Last year saw significant growth in the flexible and shared office sector as more enterprises and suppliers realised the benefits and the opportunities it holds for them. Of course, Brexit and rising business rates in some areas are creating uncertainty in various quarters, but it really does look like the flexible office is here to stay.
So, here are six trends that the shared office sector will probably see in 2018.
It’s bound to cause some big changes and even if it’s stalled at the last minute, there’ll still be some after-effects from the upheaval and uncertainty. There may be some surges in supply as we’re seeing many companies leaving for the Continent and there’ll be far fewer coming in, with cities like Dublin absorbing this overflow. However…
There’ll be more appetite for flexible workspaces
UK companies of all sizes have seen how handy shared space is so they’re either migrating to it or they’re asking their more traditional landlords and leasing agents to start offering similar set-ups. If they’re smart, most commercial landlords will adapt to these changing demands, so if you’re looking for offices to let in Surbiton and you’re worried about taking on a long-term lease, then you know what to ask for!
Even greater connectivity
Reliable internet is one of the top three biggest and most important needs for commercial (and, let’s face it, domestic!) tenants and so we’ll see commercial landlords striving to improve their buildings’ connectivity. These landlords need to offer smart buildings and as much fancy new tech as they can if they’re going to compete for their share of an increasingly mobile and demanding pool of tenants.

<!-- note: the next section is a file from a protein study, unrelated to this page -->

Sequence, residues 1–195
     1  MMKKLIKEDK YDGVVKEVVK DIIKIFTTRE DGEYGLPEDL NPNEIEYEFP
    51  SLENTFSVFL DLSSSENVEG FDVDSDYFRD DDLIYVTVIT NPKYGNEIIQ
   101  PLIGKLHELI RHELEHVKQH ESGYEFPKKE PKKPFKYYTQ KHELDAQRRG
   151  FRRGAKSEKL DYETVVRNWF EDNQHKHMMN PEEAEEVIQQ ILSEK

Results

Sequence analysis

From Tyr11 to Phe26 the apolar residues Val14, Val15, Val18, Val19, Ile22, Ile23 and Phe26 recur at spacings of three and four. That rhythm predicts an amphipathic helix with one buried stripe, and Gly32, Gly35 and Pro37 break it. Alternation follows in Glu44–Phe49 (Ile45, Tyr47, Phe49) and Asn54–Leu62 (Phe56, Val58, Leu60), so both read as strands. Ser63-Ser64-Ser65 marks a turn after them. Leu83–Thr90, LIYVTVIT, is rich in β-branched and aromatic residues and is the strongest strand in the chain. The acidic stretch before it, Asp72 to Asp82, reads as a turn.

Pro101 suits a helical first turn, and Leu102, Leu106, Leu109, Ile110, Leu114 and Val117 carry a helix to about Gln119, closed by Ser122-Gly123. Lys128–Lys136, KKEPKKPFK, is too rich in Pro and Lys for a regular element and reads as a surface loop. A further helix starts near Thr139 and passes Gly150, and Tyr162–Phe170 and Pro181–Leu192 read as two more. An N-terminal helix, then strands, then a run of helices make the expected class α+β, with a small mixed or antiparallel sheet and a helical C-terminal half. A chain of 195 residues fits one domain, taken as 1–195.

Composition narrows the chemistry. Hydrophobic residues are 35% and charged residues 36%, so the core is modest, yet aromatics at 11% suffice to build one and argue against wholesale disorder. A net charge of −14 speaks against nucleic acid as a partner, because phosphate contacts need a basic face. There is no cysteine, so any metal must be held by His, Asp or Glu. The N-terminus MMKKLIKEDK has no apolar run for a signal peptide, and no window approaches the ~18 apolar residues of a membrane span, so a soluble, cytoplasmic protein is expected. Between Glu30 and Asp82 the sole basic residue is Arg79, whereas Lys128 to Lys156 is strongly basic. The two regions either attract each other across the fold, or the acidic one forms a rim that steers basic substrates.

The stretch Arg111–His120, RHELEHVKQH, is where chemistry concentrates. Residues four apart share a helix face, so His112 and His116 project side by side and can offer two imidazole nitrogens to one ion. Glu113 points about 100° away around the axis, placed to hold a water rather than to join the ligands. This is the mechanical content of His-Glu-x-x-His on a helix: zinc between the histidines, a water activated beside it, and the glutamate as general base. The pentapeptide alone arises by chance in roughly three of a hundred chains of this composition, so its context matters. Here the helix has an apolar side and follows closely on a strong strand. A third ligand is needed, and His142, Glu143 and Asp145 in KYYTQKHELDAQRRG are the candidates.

More traditional landlords will come on board
The last few years have seen a growth in flexible and shared office space mainly because its proponents have been beavering away, finding out what their market wants and then giving it to them. All this while, traditional, long-term landlords have stood by and watched, but now they’re catching on and are starting to cash in. This means that older-style office space suppliers are entering the sector, so we could see big leaps in innovation and even greater flexibility as suppliers are forced to compete more.
A greater sense of wellbeing
As workspaces become more organic, intuitive and design-led, workers are feeling the benefits, both in terms of collaboration with colleagues and neighbours, but also in terms of how the buildings make them feel. We’ll see more and more design that’s aimed at people and how they feel, not just how they work.
An ebb and flow of larger corporates
Flexible office space suppliers may find that larger companies move into shared offices over the next few years as the country deals with (or recovers from) Brexit and other economic uncertainties. However, this may only be a short-term phenomenon, as larger corporates may decide to move back into traditional long-term leases if things settle down. This means that flexible office spaces will have to be ready to cater for either one large company or many smaller enterprises in the same building as they may not know who’ll be in it from one month to the next!